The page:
Sen. John Kerry, shown at an election night rally for Sen.-elect Elizabeth Warren, has been mentioned for secretary of State and now secretary of Defense in President Obama's second term.(Photo: Michael Dwyer, AP)
Could Sen. John Kerry end up serving as the nation's next defense secretary?
the chairman of the Senate Foreign Relations Committee, has been in the
mix to replace Secretary of State Hillary Rodham Clinton, who has said
that she would like to leave her post early in President Obama's second
But a report in this morning's Washington Post
suggests that Kerry is under consideration to replace Defense Secretary
Leon Panetta, who has made clear that he'd like to get back to his home
state of California at some point.
There are still many moving
pieces to consider as President Obama puts together his second term
team, but Kerry - a Vietnam war veteran and respected for his national
security chops - would make an interesting choice for the Pentagon.
one knock against Obama picking Kerry is it would set off a special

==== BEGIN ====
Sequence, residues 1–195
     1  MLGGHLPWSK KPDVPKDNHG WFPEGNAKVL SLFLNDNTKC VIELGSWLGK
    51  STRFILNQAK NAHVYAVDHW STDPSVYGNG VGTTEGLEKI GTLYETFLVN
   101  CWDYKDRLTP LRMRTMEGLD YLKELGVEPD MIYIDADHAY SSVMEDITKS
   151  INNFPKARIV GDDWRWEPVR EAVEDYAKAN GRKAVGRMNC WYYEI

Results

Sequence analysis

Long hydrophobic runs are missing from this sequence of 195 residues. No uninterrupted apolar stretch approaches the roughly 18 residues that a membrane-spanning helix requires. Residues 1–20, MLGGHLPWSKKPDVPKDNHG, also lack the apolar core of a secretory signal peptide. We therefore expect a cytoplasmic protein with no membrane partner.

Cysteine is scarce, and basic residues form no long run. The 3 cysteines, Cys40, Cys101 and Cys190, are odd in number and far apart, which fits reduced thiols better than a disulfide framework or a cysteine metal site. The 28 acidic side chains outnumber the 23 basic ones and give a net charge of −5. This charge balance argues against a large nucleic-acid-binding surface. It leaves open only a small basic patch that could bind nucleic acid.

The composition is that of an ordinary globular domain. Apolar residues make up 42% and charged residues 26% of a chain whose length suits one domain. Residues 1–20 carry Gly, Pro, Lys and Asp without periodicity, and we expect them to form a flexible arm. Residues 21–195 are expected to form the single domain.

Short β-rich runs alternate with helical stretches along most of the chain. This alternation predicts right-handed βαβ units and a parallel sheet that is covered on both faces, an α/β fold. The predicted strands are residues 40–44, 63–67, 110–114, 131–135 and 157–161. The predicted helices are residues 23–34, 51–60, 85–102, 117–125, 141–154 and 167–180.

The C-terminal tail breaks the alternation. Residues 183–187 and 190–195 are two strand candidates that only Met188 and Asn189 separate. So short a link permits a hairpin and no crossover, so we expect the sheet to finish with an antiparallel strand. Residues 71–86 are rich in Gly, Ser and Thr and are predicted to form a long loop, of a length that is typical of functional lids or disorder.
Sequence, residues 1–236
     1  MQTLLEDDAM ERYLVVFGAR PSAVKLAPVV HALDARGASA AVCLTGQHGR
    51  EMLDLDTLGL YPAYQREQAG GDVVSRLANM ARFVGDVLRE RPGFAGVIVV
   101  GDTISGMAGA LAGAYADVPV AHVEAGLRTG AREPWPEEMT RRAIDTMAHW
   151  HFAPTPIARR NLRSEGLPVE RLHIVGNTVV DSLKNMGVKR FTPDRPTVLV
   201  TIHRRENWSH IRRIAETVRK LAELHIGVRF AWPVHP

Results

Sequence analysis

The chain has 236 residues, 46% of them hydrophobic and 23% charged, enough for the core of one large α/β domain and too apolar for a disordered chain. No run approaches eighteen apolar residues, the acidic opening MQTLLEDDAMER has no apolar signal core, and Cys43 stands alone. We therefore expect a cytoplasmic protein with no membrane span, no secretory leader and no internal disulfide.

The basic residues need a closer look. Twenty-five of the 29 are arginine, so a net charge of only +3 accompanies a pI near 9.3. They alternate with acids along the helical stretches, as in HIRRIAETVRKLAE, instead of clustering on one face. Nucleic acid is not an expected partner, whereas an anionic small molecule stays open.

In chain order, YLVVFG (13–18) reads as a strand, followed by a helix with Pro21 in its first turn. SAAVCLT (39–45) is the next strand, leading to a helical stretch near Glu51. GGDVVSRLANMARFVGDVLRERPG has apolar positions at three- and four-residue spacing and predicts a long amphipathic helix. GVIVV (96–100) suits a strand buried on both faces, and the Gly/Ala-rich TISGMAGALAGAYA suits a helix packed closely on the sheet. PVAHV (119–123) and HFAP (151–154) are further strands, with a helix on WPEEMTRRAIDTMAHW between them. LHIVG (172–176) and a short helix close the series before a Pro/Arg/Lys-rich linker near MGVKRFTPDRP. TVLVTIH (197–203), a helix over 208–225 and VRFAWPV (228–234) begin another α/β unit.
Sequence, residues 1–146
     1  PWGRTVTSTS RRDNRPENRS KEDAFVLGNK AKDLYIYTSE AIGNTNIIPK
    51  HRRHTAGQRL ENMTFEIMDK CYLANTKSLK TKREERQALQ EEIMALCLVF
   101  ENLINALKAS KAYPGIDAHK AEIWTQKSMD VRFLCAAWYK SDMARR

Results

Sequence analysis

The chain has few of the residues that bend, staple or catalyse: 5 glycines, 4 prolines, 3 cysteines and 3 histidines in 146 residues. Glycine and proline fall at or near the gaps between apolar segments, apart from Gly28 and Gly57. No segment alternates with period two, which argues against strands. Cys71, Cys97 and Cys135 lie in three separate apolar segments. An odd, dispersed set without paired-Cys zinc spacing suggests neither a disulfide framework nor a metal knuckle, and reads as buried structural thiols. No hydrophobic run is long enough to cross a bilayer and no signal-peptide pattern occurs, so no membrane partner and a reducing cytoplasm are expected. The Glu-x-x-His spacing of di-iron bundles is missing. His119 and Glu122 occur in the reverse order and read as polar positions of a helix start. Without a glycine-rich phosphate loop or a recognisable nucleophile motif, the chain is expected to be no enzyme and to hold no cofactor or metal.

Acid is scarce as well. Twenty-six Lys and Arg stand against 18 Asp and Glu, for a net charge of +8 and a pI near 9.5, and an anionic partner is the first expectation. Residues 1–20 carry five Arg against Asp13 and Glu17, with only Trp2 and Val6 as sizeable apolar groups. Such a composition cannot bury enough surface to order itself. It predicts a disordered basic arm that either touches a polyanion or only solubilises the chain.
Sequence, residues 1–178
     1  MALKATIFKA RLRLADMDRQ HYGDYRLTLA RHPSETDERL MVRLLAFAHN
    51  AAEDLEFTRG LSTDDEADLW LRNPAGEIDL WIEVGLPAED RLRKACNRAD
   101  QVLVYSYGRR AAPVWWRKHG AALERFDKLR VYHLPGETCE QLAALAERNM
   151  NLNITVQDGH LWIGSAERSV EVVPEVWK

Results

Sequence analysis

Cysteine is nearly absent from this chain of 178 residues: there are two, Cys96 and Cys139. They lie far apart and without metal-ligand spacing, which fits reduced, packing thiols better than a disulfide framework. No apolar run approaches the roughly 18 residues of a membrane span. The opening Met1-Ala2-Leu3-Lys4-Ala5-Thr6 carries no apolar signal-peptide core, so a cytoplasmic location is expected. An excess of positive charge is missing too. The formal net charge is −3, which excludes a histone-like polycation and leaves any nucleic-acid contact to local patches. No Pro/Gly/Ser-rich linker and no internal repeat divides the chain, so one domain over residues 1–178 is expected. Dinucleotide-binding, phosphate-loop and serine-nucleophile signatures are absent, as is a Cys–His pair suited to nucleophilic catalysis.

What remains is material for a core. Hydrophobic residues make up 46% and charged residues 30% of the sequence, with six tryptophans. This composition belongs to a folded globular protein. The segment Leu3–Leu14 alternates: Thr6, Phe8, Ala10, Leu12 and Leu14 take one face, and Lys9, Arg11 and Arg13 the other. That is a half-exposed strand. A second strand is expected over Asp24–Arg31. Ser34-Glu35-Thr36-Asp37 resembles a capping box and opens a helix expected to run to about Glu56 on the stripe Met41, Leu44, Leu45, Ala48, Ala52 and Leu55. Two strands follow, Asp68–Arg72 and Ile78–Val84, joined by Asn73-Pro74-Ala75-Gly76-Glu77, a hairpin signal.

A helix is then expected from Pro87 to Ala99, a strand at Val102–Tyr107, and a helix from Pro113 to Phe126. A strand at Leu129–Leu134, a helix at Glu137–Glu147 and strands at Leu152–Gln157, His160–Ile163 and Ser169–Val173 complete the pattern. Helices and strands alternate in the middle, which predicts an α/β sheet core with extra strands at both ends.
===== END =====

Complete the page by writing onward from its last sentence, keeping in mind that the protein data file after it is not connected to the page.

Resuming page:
election in Massachusetts and potentially offers Sen. Scott Brown, a
popular Republican who lost his seat last week to Elizabeth Warren,
another chance to win back a Senate seat, Schwartz said. But concerns
about keeping the seat may be diminished since Democrats picked up seats
in the election.
Here's what the Post reports:
Kerry is thought to covet the job of secretary of State, senior
administration officials familiar with the transition planning said that
nomination will almost certainly go to Susan E. Rice, the U.S.
ambassador to the United Nations.
John O. Brennan, Obama's chief
counterterrorism adviser, is a leading contender for the CIA job if he
wants it, officials said. If Brennan goes ahead with his plan to leave
government, Michael J. Morell, the agency's acting director, is the
prohibitive favorite to take over permanently. Officials cautioned that
the White House discussions are still in the early stages and that no
decisions have been made.
Petraeus' resignation last week after
revelations of an extramarital affair has complicated what was already
an intricate puzzle to reassemble the administration's national security
and diplomatic pieces for Obama's second term.